CFS Congressional Oversight Hearing ASAP

Discussion in 'Fibromyalgia Main Forum' started by illroy, Oct 7, 2009.

  1. illroy

    illroy Member

    This is the first section of a longer article I have been writing for some time about advocacy. I suggest you read it all on the CFS knowledge center web site. It should be easier to read and the links are clickable. This is the URL for the post there:

    ME/CFS Congressional Oversight Hearing

    Preparation for an effective type of congressional oversight hearing to investigate the federal response to CFS was canceled by the CFIDS Association (CAA) in 1992 soon after it assumed responsibility for national advocacy. The hearing would have taken place in 1993. That fact is almost unknown. If it had happened it would have changed the history of ME/CFS. This is what happened then and why one needs to be done now.

    I was the volunteer lobbyist for CFS in 1991 prior to Tom Sheridan. That fact is also almost unknown, but not important. Most people do not have a thorough understanding of lobbying and its relationships to advocacy, Lobbying is not rocket science, but it is often so poorly reported that most people have a wide variety of misunderstandings about it. It's one of the reasons why the US has such a large number of lobbyists.

    There is a type of congressional oversight hearing that is sometimes referred to as a congressional investigation. These are different hearings than the yearly appropriations subcommittee hearings that cover CFS. Those hearings are brief with short Q&A (questions and answers, but often questions and acting) by federal officials. This is a web page with a basic explanation of the various types of congressional hearings:

    The committees that can do oversight, investigation, and authorizing for ME/CFS are the House Energy and Commerce Committee and the Senate Committee on Health, Education, Labor, and Pensions (HELP)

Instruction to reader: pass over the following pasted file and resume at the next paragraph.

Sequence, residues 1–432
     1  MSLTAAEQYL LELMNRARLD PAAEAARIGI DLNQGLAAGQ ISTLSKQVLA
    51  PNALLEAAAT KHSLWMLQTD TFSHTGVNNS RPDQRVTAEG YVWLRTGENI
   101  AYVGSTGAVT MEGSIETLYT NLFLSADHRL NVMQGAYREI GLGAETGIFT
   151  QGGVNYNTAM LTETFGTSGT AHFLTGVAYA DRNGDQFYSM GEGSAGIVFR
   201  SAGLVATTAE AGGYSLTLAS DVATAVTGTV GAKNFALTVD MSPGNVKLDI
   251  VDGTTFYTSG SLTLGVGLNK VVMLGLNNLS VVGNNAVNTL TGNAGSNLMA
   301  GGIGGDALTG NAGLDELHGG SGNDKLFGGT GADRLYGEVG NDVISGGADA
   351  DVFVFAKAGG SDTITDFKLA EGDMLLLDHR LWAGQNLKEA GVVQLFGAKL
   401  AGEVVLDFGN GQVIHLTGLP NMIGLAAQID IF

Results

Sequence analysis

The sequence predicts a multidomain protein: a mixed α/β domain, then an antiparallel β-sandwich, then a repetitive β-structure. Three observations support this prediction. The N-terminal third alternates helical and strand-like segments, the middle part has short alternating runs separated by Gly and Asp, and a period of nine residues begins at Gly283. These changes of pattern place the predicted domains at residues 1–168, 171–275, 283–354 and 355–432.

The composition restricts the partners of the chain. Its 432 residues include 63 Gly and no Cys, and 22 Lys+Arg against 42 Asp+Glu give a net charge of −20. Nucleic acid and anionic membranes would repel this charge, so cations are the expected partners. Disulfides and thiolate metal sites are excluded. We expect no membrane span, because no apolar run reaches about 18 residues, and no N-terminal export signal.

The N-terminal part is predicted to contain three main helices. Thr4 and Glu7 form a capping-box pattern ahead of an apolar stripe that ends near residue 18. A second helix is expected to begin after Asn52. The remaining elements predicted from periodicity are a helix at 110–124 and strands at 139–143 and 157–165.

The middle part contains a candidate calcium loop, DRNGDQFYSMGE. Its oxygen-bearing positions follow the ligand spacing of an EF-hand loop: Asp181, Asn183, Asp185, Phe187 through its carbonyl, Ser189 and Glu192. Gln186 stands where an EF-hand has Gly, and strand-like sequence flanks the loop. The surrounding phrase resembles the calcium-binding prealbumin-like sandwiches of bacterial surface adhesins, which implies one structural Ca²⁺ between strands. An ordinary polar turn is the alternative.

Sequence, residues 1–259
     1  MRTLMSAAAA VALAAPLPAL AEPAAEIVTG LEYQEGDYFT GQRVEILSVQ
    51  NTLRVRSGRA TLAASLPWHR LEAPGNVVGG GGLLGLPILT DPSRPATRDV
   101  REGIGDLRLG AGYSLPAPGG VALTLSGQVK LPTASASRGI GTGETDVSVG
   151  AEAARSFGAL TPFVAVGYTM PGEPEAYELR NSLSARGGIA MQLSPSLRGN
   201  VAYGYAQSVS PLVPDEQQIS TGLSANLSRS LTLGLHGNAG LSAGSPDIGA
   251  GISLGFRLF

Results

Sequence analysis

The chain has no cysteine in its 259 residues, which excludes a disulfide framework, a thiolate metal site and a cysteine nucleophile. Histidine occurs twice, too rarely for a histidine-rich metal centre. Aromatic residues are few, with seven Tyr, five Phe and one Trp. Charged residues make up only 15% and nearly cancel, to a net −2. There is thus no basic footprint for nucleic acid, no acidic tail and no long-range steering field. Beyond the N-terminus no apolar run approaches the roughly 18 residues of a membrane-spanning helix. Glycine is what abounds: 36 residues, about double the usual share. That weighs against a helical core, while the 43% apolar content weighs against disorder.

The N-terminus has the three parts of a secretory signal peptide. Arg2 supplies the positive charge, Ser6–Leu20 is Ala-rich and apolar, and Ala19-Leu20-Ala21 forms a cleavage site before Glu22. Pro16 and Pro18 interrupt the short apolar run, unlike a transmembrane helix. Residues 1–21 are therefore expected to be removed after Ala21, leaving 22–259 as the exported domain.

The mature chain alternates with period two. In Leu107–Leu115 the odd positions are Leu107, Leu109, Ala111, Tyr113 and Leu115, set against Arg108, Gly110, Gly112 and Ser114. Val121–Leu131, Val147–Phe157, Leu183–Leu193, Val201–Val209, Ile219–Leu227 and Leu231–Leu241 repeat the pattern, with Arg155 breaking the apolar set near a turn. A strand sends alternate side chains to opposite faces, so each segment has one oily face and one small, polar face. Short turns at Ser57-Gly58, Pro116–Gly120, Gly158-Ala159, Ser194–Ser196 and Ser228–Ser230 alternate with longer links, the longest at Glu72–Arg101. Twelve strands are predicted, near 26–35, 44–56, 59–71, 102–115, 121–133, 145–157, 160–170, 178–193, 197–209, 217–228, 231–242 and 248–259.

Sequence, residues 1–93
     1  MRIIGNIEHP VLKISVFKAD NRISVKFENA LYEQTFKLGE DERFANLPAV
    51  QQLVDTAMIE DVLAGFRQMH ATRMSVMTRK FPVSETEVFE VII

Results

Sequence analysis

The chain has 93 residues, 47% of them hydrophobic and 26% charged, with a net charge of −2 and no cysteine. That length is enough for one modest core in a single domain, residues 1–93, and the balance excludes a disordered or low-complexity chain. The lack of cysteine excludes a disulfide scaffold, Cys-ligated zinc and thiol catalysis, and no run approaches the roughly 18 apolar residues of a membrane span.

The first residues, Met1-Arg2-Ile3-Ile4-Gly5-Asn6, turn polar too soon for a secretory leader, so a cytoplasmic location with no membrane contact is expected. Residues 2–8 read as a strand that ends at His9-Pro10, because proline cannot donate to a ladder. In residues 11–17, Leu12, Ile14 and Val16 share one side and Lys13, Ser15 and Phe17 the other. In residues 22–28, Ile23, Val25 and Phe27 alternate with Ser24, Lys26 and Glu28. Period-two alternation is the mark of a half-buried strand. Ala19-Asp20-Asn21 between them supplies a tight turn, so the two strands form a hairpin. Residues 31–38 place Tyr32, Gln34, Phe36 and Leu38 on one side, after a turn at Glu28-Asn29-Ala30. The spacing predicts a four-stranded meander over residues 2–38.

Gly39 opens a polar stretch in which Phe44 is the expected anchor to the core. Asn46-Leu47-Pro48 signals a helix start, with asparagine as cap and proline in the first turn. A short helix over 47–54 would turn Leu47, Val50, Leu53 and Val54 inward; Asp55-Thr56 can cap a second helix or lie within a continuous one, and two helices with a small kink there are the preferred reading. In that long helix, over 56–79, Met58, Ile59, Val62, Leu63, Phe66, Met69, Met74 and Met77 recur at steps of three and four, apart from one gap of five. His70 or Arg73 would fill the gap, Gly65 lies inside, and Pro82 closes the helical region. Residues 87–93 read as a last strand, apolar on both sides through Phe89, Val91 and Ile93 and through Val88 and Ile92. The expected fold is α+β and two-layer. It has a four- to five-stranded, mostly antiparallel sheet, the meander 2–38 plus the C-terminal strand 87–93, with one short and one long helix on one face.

These committees have the power to subpoena witnesses and compel them to testify under oath and penalty of perjury. The canceled hearing was going to be before the House Energy and Commerce Committee's Health Subcommittee.

    In 1992 and until recently Henry Waxman (CA) was the chairman of that Health Subcommittee. Sometimes a hearing can take place if the chairman alone wants it to happen. More often it is more than one committee member, especially one strong supporter. When the hearing was going to take place in 1993, Mike Synar (OK) was our strong supporter on the subcommittee, and Ed Taylor had done an excellent job getting that support. Frank Pallone (NJ) is the chairman now, and New Jersey has excellent ME/CFS advocates.

    The people that would testify were being chosen. Walter Gunn wanted to testify about the CDC's failures. We could have, for example, had Brian Mahy from the CDC answering questions, including where the CFS money was really going. NIH officials such as Steve Strauss could have been included as well. The heads of the HHS, CDC, NIH, and NIAID could have been called. We also would have had our very best people testifying for us, including advocates, researchers, and doctors.

    Government officials can and must be held accountable, but the balance of powers in the United States government has to be used effectively. The executive branch must be overseen by the congress and the courts. Brian Mahy reportedly lost his position at the CDC only after Rep. John Porter, then Chairman of the House Labor HHS Appropriations Subcommittee and our strong supporter in Congress at the time, insisted that he be brought by the head of the CDC to his hearing to answer questions about the funding scandal. If that 1993 hearing had happened, the CDC officials would almost certainly not have lied under oath at it about those funds and continued misusing the money.

    At the present time probably the only practical way for a hearing like this to happen soon is if the CAA makes it happen. Kim McCleary was the executive director then and knows about this. The CAA has lost most of its members and much of its respect among experienced advocates since then. Advocacy has failed badly and people have lost faith in the CAA's ability to represent patients and make progress in Washington advocacy. If they want to regain some of the respect they once had, and rebuild their membership and support, here's what I suggest they do.